Edmonton

Wildrose Party wades into Alberta vs. Saskatchewan beer battle

In the orange corner stands Rachel Notley, in the green, Brad Wall, and now wading into the beer-fueled scuffle between the two western premiers comes the Wildrose Party.

Opposition party accuses premier of 'tearing down Alberta's relationship with Saskatchewan'

(CBC)

In the orange corner stands Rachel Notley, in the green, Brad Wall, and now wading into the beer-fueled scuffle between the two western premiers comes the Wildrose Party.

On Wednesday, Alberta's official opposition issued a news release that accused Premier Rachel Notley of "tearing down Alberta's relationship with Saskatchewan."

The comment came after Notley chided Wall for orchestrating a "political drive-by" with his criticism of Alberta's new beer pricing plan.

We need to do all that we can to make sure we are growing our industries here at home, but that doesn't mean ignoring phone calls from provincial neighbors.- Prasad Panda

As of Aug. 5, Alberta will mark up each litre of beer by $1.25, regardless of where it is brewed, meaning small Alberta and Saskatchewan brewers will be impacted.

Notley said grants will be available to craft brewers in Alberta.

Wildrose critic Prasad Panda said he is concerned that Notley's rebuke of Wall will hurt Alberta's economy.

"We need to do all that we can to make sure we are growing our industries here at home, but that doesn't mean ignoring phone calls from provincial neighbours," said Panda.

'I will not be lectured'

Wall said the beer markup will hurt small Saskatchewan brewers, and asked the Alberta government to "reconsider this ill-conceived policy."

Notley responded by saying that grants will be made for small Alberta brewers, and said if Wall had an issue he should call her instead of just criticizing.

Rachel Notley accused Saskatchewan Premier Brad Wall of doing a "political drive-by." (CBC)

Notley said she will "not be lectured" about efforts her government "might take in the future, in order to support our small brewers, our economic diversification, our workers and our industries."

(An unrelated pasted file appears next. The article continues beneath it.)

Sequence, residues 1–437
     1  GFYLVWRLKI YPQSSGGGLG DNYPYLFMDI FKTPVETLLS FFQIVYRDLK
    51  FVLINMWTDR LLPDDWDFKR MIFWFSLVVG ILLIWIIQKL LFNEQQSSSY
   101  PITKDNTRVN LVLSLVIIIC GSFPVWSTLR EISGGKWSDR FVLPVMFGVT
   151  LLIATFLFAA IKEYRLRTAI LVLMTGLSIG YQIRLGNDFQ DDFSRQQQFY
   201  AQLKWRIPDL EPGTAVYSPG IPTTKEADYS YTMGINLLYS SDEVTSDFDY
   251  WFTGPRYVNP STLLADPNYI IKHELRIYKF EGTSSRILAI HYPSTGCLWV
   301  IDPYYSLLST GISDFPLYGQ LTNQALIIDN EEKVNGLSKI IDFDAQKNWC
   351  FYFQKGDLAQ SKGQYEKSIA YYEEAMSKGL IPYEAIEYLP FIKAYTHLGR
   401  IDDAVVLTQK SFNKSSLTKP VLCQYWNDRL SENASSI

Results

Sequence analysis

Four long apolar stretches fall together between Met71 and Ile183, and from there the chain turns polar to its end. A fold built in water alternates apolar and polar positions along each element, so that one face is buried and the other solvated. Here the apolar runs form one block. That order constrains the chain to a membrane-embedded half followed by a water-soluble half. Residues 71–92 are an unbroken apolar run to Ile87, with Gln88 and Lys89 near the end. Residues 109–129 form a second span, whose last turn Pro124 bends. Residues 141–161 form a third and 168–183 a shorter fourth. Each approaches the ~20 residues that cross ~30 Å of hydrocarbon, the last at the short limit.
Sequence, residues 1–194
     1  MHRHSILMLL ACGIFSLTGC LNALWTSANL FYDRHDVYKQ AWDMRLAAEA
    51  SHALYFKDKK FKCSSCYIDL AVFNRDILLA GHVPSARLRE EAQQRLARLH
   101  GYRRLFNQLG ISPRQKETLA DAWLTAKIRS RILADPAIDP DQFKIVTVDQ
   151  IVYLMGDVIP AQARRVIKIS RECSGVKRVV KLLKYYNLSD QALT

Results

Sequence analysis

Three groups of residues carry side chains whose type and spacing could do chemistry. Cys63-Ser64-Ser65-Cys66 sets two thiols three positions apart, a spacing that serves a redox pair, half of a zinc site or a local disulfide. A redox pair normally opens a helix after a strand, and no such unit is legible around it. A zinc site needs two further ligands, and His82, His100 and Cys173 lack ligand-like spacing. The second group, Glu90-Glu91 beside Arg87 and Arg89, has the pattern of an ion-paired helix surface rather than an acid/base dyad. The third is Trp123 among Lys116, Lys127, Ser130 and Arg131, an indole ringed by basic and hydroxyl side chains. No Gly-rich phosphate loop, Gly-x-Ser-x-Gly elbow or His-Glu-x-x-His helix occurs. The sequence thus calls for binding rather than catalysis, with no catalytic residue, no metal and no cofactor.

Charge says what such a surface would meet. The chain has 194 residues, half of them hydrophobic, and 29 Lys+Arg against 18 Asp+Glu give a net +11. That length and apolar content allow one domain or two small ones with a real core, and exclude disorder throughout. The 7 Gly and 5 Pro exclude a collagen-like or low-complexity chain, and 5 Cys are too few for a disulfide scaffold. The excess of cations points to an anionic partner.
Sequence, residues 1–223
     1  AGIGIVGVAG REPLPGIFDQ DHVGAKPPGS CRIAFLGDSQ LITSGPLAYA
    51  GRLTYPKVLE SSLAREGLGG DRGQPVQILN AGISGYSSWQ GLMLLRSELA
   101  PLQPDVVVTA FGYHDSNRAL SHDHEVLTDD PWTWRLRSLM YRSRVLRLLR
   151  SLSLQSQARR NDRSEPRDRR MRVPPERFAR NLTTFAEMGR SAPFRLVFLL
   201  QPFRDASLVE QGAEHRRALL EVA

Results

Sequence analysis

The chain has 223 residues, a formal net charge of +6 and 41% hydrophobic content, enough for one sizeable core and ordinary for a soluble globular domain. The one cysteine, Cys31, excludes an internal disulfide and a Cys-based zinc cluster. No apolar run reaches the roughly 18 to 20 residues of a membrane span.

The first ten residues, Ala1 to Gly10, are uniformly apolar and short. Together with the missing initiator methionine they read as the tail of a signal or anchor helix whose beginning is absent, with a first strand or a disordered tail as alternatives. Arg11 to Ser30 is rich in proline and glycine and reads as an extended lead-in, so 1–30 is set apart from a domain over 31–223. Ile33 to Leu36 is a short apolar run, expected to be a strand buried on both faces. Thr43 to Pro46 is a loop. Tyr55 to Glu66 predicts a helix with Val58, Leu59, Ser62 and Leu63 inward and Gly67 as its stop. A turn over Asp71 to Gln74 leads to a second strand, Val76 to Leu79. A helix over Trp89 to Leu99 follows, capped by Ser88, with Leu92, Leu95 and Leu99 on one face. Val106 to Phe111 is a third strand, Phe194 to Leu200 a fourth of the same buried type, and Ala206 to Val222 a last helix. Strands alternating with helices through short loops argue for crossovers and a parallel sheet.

"My experience over the last 13 months is that when there's a matter, pick up the phone and talk to your colleagues," Notley said Tuesday at the legislature.

"I would suggest that if he (Wall) would actually like to see a solution, that's a better approach."

In a tweet, Wall said his office offered to call Notley.

Potential 'retaliation'

Wildrose Leader Brian Jean said Notley should be trying to "strengthen ties with allies that strongly support our industries."

"Instead, she has spent more energy courting policies and agreements that will chase away jobs and raise power bills than building partnerships with our neighbours in Western Canada."

Premier Brad Wall said that while retaliating would be a last resort, it is still on the table. (CBC)

Earlier in the week, Wall said he won't rule out retaliation, and his province will "have to look at options to help our industry, and also we have to look at if they're going to go ahead with this."

"We'll have to look at Saskatchewan's interests and perhaps that could mean retaliating, but that would be a last resort."

ABOUT THE AUTHOR

Mack Lamoureux is a reporter with CBC Edmonton. He's a lover of strange and odd stories. He counts writing about himself in the third person among his least favourite things to do. mack.lamoureux@cbc.ca, @macklamoureux

With files from the Canadian Press

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